By Rory Cooney
There are a few songs from the church repertoire that I remember from the first time I heard them, and as a music or choir director, decided on that very hearing that I was going to add them to the repertoire. Here I Am,Lord,ofcourse,wasone. SowasChristBeOurLightandIAmtheBreadofLifeandGatherUsIn. Iheardmostof those songs for the first time on a recording, but I Am the Bread of Life, I sang in the late 1960s at a funeral of a Vincentian at St. John’s in Camarillo, the major seminary of the Archdiocese of Los Angeles, which the Vincentian community used to run.
Another song that I remember from a vinyl recording I received in the mid-1970s is a song by a group called The Dameans. I remember listening to it on a portable turntable in a mobile home I lived in back then! The album and the song was called Beginning Today. I don’t recall much else about it, but I assume someone gave it to me because they wanted the song for a wedding. Like a lot of songs, the lyrics aren’t about marriage as such, but are about a promise of steadfast love and commitment that takes all kinds of forms in our lives, one of which is in the sacrament of matrimony. I was really taken by this group of four seminarians from Notre Dame Seminary in New Orleans (hence their name, the Dameans) and their sound that was reminiscent of the Kingston Trio or Brothers Four, a connection to the folk music revival that was slowly giving way to the rise of rock music, but still thriving with the rise of artists like Cat Stevens, the Eagles, Joni Mitchell and so many others.
Eventually, the Dameans were ordained, and one of them, Michael Balhoff, became a pastor in a town called Gonzales, near Baton Rouge. The music group there had a high school student named Gary Daigle playing piano and guitar, and Mike was impressed enough with him that he eventually invited Gary to join the Dameans in their concerts and writing meetings. Adding piano to the Dameans acoustic guitar and upright bass sound changed their style, and the first album they did after Gary joined them, Remember Your Love, might be said to have changed how liturgical music sounded in the U.S. or at the very least, contributed to that change. In addition to the title song, that recording includedWe Praise You and Come, O Lord, both of which are still in the active repertoire of many churches. Remember Your Love came out in 1978, followed by Michael Joncas’s On Eagle’s Wings in 1979, and the piano was in church to stay.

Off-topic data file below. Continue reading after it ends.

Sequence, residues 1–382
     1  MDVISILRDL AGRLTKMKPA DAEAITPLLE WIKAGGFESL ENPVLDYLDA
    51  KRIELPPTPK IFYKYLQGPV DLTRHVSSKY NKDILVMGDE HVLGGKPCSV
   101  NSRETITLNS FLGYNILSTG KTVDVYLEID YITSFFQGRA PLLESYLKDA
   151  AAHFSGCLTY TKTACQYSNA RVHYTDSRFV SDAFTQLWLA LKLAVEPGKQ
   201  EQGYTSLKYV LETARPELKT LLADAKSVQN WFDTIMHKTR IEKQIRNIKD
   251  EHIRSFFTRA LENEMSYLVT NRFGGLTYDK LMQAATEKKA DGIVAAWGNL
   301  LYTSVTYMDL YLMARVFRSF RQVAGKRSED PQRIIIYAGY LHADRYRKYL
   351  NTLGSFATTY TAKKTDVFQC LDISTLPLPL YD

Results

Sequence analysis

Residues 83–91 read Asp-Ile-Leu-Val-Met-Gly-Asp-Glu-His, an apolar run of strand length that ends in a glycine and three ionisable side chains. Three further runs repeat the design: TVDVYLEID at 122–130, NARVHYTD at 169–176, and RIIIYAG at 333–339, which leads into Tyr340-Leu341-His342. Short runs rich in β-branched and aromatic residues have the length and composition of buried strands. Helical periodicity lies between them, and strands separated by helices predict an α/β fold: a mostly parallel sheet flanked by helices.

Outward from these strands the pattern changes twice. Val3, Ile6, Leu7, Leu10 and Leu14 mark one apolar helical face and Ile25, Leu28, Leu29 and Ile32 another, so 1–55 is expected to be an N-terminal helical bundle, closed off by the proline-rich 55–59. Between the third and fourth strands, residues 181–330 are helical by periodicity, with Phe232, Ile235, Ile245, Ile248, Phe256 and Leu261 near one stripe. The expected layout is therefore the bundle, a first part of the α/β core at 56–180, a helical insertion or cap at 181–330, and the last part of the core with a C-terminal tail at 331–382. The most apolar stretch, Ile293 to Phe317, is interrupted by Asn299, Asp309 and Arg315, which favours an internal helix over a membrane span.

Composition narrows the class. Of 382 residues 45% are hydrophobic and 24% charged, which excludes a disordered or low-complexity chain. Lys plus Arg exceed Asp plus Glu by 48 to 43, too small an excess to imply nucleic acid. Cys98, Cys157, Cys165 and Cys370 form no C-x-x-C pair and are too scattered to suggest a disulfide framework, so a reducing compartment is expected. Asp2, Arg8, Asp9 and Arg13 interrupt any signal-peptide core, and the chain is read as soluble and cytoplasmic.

The follow-up album to RYL was Path of Life, which was a collection of songs for the Rite of Christian Initiation of Adults. Today’s seing of Psalm 16, one of the common lectionary psalms of the Easter season, was co- wrien by Gary with Mike Balhoff and Darryl Ducote, and was the title song from that collection. The Dameans continued to write songs and produce new recordings for another ten years or so, and are still friends and partners, though separated by a lot more miles. In 1985, Gary Daigle moved from Louisiana to Phoenix to take a job at the Franciscan Renewal Center in Scottsdale. We met almost on the day he arrived and started taking liturgy classes with John Gallen, S.J., shortly afterward, and Gary, Terry and I started working together on my second album, Do Not Fear to Hope, in 1985. Three years later, Gary was producing our albums, and we had already begun other collaborations.
Gary is now the music director at St. Edna’s in Arlington Heights. Over thirty years later, we are still friends and collaborators on projects whenever we can find the time. He is one of the finest musicians-and human beings-I know.